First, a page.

“According to Hallett, the bank “receives dividends which are effectively tax-free because they’re Canadian-source dividends. But the payment under the swap, which includes an amount equal to the dividends, is fully deductible. This tax arbitrage is effectively National Bank’s compensation for structuring the swap and taking on the tracking error risk”
I stand corrected. Swap based ETFs are quite different than ETNs, although they still strike me as more of a structured product, rather than an ETF.
The link that you graciously provided also gives the reason why a bank would be interested in being a counterparty: tax arbitrage (see above). National Bank, Horizons and retail investors all come out ahead, at the expense of the federal government. Since the federal government sets the rules, I would not assume that this will continue indefinitely.
@Park: The key idea here is that there is no tax avoidance. The taxes are paid on the counterparty’s side, so the federal government is getting its fair share and should have no incentive to crack down on this structure because of lost revenue. That was not the case with income trusts and forward agreements, which really did affect the government’s bottom line.
There’s no free lunch: you’re gaining a tax advantage in exchange for assuming some counterparty risk.
Do you think there will ever be swap-based ETFs that track bond indexes? Like a swap-based version of XCB? Or is that even possible? I’m still trying to wrap my head around how these things work.
@Jim: My guess is this structure won’t work for bonds, because it’s based on a tax arbitrage that wouldn’t exist for interest income. There were ETFs that attempted something similar for bonds (using a different kind of derivative), but the federal government put an end to that with the 2013 budget:
I’ve only scanned the comments but I’m not sure if this notion of counterparty risk – of the worst case variety – has been fully addressed. So I will take the liberty of linking below to an old discussion on HXT from the Financial Webring Forum. The link should take you to a starting point dealing with this issue. It will start with a question about counterparty risk and comparisons with ETNs and it’s followed by my reply.
The short version is that the ETF’s capital is not at risk if the counterparty fails. Only amounts equal to the net return payments are at risk of being lost. But the counterparty is unlikely to owe the ETF anything all that material, if anything, in the event of a bear market. Because in a bear market, the index returns that they’ve supposed to deliver to the ETF will be very negative!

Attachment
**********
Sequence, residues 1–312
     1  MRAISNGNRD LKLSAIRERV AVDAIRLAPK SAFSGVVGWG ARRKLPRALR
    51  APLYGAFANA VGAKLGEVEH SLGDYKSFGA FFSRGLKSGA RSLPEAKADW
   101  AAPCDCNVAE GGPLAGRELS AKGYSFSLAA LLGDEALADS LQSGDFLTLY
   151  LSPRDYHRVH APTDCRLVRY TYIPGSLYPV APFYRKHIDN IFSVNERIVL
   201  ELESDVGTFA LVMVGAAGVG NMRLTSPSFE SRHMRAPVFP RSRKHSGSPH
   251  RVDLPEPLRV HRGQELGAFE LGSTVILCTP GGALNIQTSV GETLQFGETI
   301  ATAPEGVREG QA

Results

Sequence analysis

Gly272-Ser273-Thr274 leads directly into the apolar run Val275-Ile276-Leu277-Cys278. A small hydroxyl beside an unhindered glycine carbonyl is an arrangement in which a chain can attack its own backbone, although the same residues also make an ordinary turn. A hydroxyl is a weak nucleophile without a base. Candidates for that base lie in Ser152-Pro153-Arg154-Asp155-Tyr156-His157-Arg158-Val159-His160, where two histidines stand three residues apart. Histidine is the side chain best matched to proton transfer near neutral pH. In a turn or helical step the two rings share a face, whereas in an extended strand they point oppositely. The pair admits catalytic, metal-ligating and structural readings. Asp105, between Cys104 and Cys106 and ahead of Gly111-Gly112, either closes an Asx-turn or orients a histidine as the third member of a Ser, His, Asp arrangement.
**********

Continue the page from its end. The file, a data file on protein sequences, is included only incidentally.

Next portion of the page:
@Dan H: Thanks for stressing this important point. I’ll quote from my interview with Jaime Purvis of Horizons, which is linked in the original post:
Working in the industry, there are a lot of a lot of misconceptions among retail investors as to what exactly ETFs are. Two of the biggest are that 1) ETFs have to track an index’s performance; and 2) in order to do so, need to own the index’s constituent issuers. Both are fallacies. Remember, ultimately, that “ETF” is just an acronym for Exchange Traded Fund, “fund” being the operative word, i.e. a pool of investor money used to invest in assets. They can be invested in any number of assets, can be passively or actively managed (more prevalent in the US but also available in Canada), and can use all manner of equities/fixed income/derivatives/hard assets to meet their investment objectives. They are, in actuality, mutual funds, only with a different delivery mechanism. Rather than being offered through the broker/advisor/dealer network, these funds are offered over the stock exchange. In Canada, they are typically governed by the same rules and regulations that cover mutual funds (I say typically, because some products fall under Commodity Pool regulations) and, because they are exchange traded, also need to comply with the listing exchange’s regulations.
I noticed that HXT is in your recommended ETF list while HXS is not. Is this simply related to the “newness” of this ETF or is there some other reason that it hasn’t yet made the cut?
How come HXT outperforms the S&P 60 so much?
Anyone can tell me wich one is the best pick for long term hold (in taxable account)
HXT VS VUN
HXS VS VCN
is there any comparative spreadsheet ?